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Prog Mol Biol Transl Sci. 2013;120:195-228. doi: 10.1016/B978-0-12-381286-5.00006-8.

The role of snRNAs in spliceosomal catalysis.

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Department of Biochemistry, Case Western Reserve University, Cleveland, Ohio, USA.


The spliceosomes, large ribonucleoprotein (RNP) assemblies that remove the intervening sequences from pre-mRNAs, contain a large number of proteins and five small nuclear RNAs (snRNAs). One snRNA, U6, contains highly conserved sequences that are thought to be the functional counterparts of the RNA elements that form the active site of self-splicing group II intron ribozymes. An in vitro-assembled, protein-free complex of U6 with U2, the base-pairing partner in the spliceosomal catalytic core, can catalyze a two-step splicing reaction in the absence of all other spliceosomal factors, suggesting that the two snRNAs may form all or a large share of the spliceosomal active site. On the other hand, several spliceosomal proteins are thought to help in the formation of functionally required RNA-RNA interactions in the catalytic core. Whether they also contribute functional groups to the spliceosomal active site, and thus whether the spliceosomes are RNA or RNP enzymes remain uncertain.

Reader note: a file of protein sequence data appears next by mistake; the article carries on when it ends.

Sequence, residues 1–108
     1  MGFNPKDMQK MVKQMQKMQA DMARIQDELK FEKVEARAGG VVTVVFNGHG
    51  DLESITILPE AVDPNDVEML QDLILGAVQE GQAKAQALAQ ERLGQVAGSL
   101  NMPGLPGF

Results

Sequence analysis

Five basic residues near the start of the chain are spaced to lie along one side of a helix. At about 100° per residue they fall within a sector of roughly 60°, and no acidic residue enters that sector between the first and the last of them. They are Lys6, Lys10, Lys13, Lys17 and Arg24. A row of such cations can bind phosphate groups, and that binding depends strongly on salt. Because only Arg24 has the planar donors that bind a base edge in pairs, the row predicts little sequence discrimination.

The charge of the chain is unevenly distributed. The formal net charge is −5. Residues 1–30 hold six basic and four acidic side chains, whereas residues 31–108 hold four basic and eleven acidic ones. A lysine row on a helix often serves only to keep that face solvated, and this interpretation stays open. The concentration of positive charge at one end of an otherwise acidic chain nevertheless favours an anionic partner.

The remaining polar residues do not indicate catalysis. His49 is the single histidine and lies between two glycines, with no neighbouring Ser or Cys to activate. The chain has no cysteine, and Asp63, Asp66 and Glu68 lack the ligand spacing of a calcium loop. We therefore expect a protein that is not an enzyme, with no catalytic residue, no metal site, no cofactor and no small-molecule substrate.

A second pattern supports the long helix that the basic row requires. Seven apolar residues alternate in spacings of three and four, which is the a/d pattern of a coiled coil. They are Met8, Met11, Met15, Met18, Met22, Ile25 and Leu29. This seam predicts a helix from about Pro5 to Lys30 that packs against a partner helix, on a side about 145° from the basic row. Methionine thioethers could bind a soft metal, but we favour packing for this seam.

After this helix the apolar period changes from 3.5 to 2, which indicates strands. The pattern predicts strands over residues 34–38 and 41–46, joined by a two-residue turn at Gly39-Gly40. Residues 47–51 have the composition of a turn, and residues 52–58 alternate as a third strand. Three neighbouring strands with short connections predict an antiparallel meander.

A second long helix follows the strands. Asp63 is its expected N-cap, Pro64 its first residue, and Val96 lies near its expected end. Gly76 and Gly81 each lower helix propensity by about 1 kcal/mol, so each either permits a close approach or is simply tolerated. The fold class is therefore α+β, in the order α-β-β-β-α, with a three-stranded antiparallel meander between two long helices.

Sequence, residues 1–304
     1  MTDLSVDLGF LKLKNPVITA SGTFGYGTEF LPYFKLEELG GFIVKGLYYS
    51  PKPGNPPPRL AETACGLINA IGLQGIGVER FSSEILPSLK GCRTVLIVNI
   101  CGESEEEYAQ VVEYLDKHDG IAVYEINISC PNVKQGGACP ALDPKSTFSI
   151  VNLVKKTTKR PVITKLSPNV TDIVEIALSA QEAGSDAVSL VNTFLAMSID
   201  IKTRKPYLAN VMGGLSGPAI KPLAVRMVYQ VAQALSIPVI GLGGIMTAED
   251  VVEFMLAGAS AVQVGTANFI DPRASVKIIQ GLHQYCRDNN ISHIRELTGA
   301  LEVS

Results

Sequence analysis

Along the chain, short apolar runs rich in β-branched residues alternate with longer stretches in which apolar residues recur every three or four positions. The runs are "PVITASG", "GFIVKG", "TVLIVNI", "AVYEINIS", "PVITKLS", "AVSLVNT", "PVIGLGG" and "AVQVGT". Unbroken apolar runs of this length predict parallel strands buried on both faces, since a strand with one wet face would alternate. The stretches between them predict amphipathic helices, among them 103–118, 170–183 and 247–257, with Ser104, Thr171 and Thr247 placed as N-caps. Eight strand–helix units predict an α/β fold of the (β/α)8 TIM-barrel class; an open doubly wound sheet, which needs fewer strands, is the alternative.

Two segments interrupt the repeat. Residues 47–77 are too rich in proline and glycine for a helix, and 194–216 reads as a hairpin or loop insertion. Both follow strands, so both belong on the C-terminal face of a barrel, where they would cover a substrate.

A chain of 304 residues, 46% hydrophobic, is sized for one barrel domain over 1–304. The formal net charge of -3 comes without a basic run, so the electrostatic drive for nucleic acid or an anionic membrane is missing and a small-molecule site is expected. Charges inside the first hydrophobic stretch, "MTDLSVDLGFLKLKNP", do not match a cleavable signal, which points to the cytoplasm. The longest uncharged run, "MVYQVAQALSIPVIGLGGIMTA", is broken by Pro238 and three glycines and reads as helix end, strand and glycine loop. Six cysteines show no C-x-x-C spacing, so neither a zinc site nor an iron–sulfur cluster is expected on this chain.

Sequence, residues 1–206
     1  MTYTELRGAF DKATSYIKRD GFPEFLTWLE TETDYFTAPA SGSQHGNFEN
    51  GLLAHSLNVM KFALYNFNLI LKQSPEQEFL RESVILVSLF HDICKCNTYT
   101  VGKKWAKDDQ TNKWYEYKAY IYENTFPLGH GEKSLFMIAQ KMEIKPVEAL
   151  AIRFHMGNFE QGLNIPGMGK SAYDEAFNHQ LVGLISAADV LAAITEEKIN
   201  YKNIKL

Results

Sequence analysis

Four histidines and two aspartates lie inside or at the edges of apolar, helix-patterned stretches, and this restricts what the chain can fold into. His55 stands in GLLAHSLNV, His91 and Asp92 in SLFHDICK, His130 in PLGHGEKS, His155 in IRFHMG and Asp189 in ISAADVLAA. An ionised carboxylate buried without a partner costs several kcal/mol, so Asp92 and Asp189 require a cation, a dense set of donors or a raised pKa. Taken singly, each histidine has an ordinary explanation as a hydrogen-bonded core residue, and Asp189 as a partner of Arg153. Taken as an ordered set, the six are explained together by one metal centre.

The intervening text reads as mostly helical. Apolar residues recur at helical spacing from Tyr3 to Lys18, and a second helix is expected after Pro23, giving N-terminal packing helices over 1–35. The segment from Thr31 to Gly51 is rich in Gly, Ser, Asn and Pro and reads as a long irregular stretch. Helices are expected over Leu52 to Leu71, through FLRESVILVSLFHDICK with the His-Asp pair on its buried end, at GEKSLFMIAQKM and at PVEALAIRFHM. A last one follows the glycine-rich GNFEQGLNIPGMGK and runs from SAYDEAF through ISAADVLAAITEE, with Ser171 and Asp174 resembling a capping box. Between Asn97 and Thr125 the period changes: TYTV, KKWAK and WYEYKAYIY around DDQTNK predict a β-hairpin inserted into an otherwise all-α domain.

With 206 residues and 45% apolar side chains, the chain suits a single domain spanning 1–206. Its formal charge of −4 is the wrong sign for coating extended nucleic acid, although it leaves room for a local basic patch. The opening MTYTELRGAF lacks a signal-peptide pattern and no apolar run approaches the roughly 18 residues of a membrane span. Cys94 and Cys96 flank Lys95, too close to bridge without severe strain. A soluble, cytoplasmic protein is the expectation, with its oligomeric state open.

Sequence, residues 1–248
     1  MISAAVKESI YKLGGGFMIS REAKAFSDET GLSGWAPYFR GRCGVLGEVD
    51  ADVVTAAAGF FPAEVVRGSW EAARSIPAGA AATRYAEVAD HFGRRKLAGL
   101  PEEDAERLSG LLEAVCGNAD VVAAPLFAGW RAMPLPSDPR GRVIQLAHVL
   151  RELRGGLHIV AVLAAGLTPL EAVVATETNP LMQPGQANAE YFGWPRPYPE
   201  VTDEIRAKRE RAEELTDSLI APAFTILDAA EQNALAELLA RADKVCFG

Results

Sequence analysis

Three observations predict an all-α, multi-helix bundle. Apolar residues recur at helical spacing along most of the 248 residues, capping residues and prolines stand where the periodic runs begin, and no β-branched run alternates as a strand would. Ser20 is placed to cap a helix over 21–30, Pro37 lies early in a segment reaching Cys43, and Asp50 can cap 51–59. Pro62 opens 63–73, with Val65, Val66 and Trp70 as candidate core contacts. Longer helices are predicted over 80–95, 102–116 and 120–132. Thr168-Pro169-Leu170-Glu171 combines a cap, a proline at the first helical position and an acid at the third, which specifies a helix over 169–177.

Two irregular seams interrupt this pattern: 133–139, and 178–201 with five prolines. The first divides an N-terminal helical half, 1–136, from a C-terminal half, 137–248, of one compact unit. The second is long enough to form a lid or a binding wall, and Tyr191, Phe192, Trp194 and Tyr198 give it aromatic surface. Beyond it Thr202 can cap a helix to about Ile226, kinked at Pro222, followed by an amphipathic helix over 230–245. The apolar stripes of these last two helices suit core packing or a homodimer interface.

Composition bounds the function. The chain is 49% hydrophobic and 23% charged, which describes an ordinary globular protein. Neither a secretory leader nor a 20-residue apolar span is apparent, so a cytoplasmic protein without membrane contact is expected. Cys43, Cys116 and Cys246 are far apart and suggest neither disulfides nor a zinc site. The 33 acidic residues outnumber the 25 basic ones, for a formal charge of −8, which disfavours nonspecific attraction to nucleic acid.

Catalysis; Group II introns; Prp8; RNA world; Ribozyme; Spliceosome; Splicing; U2; U6; snRNAs

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